Planning Decisions Issued By Mistake
Planning has had rather a torrid time in the press over the last few weeks. On 8 September, the Daily Mail published an article describing an unfortunate incident involving Swale and Maidstone Council. Whilst attempting to resolve an issue with the public access system, the Mid-Kent Planning Support Team, which supports both Councils, accidentally published five spoof decision notices that had been generated as part of the software test. The decision notices have caught the public imagination because of the reasons set out on the decisions, which included "Your proposal is whack" "No mate, proper whack", "Incy, Wincy, Spider" and (my own personal favourite) "Why am I doing this, am I the chosen one?"
Believe it or not, the publication of planning decisions by mistake is actually fairly common. South Cambridgeshire District Council and Epsom and Ewell have made similar errors in just the last twelve months. There are also well documented cases of permissions being issued without all the necessary planning conditions (as was the case in Thornton Hall*) or with unfortunate typographical errors.
So, why can't mistakes be easily rectified? Well, in some instances, they can be. There are mechanisms in the Town and Country Planning Act 1990 (the Act) for amending planning permissions, although they are reliant on the co-operation of the applicant, as both options require an application to be made to the local planning authority.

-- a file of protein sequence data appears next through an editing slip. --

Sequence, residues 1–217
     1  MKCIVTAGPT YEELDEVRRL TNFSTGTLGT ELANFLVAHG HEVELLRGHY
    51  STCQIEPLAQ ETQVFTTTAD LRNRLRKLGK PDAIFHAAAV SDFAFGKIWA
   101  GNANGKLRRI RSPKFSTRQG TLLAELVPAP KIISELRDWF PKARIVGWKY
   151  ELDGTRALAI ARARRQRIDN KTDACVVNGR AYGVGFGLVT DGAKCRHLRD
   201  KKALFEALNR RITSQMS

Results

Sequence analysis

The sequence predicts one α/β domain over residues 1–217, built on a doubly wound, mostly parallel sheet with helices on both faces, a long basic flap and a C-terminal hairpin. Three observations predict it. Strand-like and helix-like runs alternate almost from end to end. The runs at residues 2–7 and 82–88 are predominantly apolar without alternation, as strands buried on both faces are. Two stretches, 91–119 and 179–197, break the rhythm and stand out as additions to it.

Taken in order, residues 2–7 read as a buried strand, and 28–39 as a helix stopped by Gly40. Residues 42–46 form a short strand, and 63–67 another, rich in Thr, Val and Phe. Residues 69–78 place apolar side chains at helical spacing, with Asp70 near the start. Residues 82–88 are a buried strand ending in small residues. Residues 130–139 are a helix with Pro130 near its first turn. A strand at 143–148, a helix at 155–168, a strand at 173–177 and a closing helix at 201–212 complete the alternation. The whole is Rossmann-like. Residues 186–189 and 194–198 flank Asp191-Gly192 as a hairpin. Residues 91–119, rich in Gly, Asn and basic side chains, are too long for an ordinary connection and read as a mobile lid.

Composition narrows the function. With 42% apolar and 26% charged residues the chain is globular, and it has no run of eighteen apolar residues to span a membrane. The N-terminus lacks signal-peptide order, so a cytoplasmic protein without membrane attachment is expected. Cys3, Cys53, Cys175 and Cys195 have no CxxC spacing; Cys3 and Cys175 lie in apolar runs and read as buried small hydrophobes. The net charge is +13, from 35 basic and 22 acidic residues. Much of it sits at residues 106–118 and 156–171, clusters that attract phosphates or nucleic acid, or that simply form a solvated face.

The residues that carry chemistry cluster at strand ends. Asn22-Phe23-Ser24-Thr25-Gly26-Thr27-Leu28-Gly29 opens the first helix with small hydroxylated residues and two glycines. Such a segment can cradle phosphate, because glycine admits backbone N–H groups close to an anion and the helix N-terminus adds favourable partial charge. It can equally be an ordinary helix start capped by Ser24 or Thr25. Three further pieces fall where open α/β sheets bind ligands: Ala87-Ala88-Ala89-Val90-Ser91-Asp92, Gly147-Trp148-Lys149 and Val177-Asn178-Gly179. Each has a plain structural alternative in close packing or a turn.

If the mistake is very minor, for example a typographical error, then it can be corrected by way of a non-material amendment under s.96A of the Act. This is only an option for changes that are genuinely ‘non-material’ however, so are unlikely to be of use for more significant errors – such as leaving off a vital planning condition.
The other option available is s.73 of the Act, which allows councils to amend conditions on the face of a planning permission. However, there are significant drawbacks to the use of s.73 of the Act to rectify mistakes, most notably, that approving a s.73 application does not change the original permission. Instead, the application results in an entirely new planning consent, containing the revised conditions – leaving the applicant with a choice of which permission to build out. As such, it cannot be used to ‘undo’ the original grant. It also only allows the amendment of planning conditions, and is therefore, completely useless if the mistake relates to another part of the consent (such as the description of development).
Where the error relates to whether the decision should have been made at all, as was the case in Swale, then correcting it becomes much more difficult. Local planning authorities simply do not have the legal power to unilaterally reverse a planning decision once it has been issued. The reasons for this are very eloquently set out by Lord Justice Sullivan at para 22 of his Judgment in R. (Gleeson Developments Ltd) v Secretary of State, in the Court of Appeal**